Hospice and Death in the Life of Children


Photo from NAGC- childrengrieve.org

This is really a double blog, about National Home Care and Hospice Month as well as Children’s Grief Awareness Month. Initially, I planned to write about the two topics separately, but they kept getting tangled together. Eventually, I realized that you really can’t talk about one without the other.

When most people think of hospice, they envision an older person dying at home, surrounded by their loved ones. But what about when the person dying is a child? In all reality, most children don’t end up in hospice, because parents and doctors fight to the end. It never seems right when a child dies. To see so much potential and hope die before it has really even begun is heartbreaking for everyone. But there are some special needs that happen when a child’s death is imminent and unavoidable.

Child Life Specialists receive specialized training in working with hospitalized children, providing support to the child as needed, but also to siblings, cousins, friends and family. Usually, the hospitalization is brief, non- life-threatening, and hopefully a singular occurrence. But for families with a chronically ill child, a severely disabled child, or a child with fatal disease, it is a very different experience. Likewise, a sudden accident or illness that results in a death or imminent death is devastating. When a result of an accident or sudden grave illness, this is often the first experience that many siblings, cousins, or friends have ever had with the hospital. As a Child Life Specialist in a hospital setting, I will be the first one to tell you that how we handle the death of a child can change the family’s life for better or for worse. It can be scary, frightening, devastating, and cause a future avoidance, or it can be a learning experience, where the children in the family feel loved, supported, and included. I work hard with the surviving children, as well as their parents and supporting adults, to be sure that this experience is handled as well as it possibly can be. But I worry, when they leave me. Is the care I’ve introduced continuing at home? Are the tragic loss and the overwhelming grief of the adults overshadowing the needs of the children? For this reason, I truly support the idea of Child Life Specialists who provide home and follow up care. It is my dream that someday every child will have access to a trained Child Life Specialist through private practice or local bereavement centers. That every child will receive the support they need to move forward from the death of a loved one no matter where they live, or if their family can afford to pay for private counseling. Because early loss does truly change everything from that point forward.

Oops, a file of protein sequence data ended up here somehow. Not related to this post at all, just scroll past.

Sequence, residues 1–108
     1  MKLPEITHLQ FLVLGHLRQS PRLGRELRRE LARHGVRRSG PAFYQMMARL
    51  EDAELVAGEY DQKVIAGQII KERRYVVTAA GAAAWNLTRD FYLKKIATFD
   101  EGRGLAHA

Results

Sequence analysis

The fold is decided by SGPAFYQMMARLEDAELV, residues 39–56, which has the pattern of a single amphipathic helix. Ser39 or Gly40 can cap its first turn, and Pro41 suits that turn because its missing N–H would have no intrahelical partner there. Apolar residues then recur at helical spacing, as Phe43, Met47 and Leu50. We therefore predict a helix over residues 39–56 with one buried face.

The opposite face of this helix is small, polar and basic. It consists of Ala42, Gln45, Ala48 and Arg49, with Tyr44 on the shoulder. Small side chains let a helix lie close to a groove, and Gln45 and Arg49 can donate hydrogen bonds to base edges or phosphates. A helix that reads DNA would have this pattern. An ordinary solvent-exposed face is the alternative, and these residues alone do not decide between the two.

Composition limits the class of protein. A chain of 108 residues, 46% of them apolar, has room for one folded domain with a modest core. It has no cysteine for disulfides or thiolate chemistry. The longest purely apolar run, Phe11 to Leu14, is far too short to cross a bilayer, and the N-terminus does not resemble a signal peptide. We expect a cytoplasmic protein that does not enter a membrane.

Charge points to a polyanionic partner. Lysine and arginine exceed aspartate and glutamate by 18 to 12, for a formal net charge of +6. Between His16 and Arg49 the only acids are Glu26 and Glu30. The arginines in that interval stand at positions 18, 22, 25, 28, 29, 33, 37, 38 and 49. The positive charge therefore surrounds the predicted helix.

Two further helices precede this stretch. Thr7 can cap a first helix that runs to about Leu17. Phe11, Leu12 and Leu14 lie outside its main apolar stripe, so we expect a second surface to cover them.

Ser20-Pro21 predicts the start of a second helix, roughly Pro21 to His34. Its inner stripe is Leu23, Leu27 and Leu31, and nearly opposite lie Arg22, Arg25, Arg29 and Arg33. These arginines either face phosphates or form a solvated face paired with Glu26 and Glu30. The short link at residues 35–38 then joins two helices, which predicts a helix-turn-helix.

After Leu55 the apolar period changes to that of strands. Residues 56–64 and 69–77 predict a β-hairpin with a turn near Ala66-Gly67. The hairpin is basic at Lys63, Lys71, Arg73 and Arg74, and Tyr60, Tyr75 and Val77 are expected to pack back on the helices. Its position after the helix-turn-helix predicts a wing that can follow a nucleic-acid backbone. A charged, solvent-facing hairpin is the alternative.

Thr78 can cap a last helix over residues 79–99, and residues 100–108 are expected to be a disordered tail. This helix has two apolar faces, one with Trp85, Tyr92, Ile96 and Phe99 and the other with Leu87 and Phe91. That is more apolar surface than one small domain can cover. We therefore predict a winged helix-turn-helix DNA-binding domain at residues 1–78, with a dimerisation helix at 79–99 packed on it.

For this same reason, I feel very strongly that every hospice should offer the support of Child Life Specialists for their clients- adults and children alike. Whether the person who is dying is an adult or a child, there are often children who will be significantly impacted by the loss. Child Life can provide anticipatory grief and support, as well as preparation for death and the rituals that occur after, such as funerals, viewings, and trips to the cemetery. Death is an inevitable part of life, and children should be included in these life events as a full and valued member of the family. As the role of Child Life Specialists continues to expand in this important area, I hope that you will tell your patients and colleagues about this important service.

The National Alliance for Grieving Children has a wide variety of support materials available for adults who are supporting a grieving child. You can visit their website here.

#Death #loss #grief #support #hospice

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